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blasphemy laws in pakistan

Written by Kalsoom Daad Khan 6:40 pm Opinion, Published Content

Pakistan’s Blasphemy Laws: An Overdue Assignment

The recent Ichra Bazaar incident in Lahore, where a Maulvi claimed a female wearing a kurta with Arabic script to have committed blasphemy, has ignited an examination of the country’s draconian blasphemy laws. Kalsoom Daad Khan gives an overview of the blasphemy laws present in the penal code as well as opinions by experts on the matter.
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About the Author(s)
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Originally from Chitral but born and raised in Islamabad, Ms Kalsoom Daad Khan holds a degree in Gender Studies from
Quaid-i-Azam University, Islamabad.

The Islamic Republic of Pakistan has, since its inception, trialed religion for its vested interests. From giving a safe impression for conducting religious terrorism to containing the rights of minorities, the country has subscribed to various offers. The year 2023 witnessed plentiful cases of false alleged blasphemy, among which the most notable was the Jaranwala incident in Faisalabad, Punjab.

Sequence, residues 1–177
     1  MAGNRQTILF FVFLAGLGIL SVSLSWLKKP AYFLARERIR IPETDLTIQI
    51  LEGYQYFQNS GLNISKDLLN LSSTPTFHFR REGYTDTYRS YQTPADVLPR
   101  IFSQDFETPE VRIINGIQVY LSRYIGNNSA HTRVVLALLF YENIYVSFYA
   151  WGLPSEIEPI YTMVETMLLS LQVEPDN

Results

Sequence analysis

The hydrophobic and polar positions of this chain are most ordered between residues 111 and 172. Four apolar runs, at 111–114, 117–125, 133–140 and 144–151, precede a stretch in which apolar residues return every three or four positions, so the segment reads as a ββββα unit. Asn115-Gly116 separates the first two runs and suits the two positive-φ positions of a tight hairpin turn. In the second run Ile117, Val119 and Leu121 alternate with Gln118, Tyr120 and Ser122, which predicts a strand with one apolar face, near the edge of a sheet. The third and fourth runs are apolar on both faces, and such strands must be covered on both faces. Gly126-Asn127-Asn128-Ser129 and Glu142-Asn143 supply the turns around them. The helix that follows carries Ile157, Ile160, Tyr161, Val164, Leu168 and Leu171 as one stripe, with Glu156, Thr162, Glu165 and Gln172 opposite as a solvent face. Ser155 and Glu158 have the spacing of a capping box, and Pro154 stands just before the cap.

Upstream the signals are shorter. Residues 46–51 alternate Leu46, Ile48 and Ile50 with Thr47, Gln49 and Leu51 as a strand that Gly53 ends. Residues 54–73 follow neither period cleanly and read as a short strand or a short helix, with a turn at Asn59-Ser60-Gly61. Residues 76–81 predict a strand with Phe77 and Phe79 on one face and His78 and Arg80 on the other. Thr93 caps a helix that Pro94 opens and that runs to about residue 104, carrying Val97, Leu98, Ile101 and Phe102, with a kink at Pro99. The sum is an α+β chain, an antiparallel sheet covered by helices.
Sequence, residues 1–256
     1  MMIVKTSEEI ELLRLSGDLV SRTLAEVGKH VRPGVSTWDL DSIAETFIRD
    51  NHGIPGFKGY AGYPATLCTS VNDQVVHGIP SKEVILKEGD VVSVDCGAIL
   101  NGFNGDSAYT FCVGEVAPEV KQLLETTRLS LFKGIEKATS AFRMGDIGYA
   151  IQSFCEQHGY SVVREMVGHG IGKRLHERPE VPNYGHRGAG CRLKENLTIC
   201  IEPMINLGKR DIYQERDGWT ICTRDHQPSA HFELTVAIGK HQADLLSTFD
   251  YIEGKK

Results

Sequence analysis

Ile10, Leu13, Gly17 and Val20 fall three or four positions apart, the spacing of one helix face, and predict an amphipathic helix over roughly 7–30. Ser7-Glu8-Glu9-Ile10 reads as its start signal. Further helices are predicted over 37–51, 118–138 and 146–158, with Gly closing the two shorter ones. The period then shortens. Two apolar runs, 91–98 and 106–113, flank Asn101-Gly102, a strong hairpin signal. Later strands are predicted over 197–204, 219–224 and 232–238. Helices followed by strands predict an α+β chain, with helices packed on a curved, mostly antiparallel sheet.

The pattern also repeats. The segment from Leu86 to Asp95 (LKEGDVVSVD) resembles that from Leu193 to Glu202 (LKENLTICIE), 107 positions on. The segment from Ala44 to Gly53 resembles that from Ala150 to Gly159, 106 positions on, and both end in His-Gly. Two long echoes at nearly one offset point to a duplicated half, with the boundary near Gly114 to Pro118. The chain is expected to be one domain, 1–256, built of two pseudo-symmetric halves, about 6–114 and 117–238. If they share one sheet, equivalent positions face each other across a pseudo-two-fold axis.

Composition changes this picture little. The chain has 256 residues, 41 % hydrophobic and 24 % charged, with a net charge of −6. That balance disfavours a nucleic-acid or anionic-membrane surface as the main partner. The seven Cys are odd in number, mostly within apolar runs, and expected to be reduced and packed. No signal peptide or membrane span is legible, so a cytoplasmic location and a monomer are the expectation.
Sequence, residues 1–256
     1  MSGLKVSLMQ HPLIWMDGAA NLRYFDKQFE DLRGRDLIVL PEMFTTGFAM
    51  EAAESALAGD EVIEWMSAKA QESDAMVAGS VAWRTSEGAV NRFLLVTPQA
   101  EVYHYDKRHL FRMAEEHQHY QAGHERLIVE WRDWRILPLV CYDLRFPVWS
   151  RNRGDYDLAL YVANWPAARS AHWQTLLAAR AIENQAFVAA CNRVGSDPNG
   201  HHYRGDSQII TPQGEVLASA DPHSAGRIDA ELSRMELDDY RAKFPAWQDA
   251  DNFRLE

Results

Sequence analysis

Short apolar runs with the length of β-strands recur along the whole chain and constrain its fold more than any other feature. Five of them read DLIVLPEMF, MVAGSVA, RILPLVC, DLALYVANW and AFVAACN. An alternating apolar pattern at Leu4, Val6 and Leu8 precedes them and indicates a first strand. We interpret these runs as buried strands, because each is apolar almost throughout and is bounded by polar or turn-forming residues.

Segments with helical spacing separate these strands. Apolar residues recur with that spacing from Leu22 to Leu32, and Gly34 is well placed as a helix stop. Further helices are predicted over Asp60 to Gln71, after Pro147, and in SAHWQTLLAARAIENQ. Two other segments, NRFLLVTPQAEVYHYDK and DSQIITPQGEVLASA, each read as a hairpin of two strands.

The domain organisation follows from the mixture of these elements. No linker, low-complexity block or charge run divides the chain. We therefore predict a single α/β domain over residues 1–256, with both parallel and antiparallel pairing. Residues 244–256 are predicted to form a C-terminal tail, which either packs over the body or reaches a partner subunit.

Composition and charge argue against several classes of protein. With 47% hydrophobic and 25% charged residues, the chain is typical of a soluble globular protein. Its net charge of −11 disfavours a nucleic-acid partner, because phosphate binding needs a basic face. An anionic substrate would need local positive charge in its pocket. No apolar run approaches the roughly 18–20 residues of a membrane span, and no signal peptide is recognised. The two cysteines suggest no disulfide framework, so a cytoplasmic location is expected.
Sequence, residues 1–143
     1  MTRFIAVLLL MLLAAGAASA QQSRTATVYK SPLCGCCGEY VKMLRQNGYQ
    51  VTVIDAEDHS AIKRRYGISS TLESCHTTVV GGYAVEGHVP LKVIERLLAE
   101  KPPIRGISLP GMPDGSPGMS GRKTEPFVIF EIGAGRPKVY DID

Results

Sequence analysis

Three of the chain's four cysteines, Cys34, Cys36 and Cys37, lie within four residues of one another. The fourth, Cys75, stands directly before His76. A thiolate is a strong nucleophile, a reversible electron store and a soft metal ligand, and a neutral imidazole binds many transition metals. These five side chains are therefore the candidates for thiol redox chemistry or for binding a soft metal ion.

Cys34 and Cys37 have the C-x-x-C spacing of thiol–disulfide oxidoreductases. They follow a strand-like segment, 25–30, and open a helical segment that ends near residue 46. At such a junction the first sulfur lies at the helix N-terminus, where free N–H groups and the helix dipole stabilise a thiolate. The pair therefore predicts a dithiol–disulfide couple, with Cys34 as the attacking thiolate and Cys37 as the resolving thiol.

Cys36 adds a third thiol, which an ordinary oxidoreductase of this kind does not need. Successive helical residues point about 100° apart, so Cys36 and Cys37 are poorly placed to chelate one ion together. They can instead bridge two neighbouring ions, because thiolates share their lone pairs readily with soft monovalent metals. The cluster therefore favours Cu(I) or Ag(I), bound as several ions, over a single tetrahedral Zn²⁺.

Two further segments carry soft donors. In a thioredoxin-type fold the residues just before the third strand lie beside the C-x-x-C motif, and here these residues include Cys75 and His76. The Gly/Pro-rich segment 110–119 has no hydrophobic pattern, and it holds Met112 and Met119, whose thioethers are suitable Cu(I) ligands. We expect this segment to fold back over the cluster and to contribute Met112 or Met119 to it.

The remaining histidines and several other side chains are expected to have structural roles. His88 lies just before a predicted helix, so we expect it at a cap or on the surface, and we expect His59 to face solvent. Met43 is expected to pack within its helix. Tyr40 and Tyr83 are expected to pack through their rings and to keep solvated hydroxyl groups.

The episode caught both national and international media attention when a furious mob attacked a Christian settlement in the region after two members of the community were accused of committing blasphemy. Human Rights Watch reported that the crowd, armed with stones and sticks, defaced several churches, dozens of houses, and a cemetery under aggression for the digressive law.

The most recent event happened in Lahore where an angry mob surrounded and nearly killed a young lady for wearing a kurta with Arabic script. Thankfully, a fearless police officer rescued the female and disintegrated the mass.

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What is blasphemy? What are its legal bindings in Pakistan, and how is it actually perceived in the country? Let’s inspect them one by one. Firstly, the term ‘blasphemy’, is not an Arabic term or rooted in any Islamic tradition. According to a recent article by the Islamabad Policy Research Institute (IPRI), the term is a Greek word that originally meant ‘word crime’ as stated by Joss Marsh. Therefore, it is only applicable to proven and intentional religious hate speech rather than acts of written or object crimes, as was missing in both the cases of Jaranwala and the latest Lahore incident.

J. Barton Scott, associate professor of historical studies and the study of religion at the University of Toronto, believes that these distinctions in blasphemy collapse in practice, and therefore the term should not be narrated thoughtlessly and needs more judicious explanation.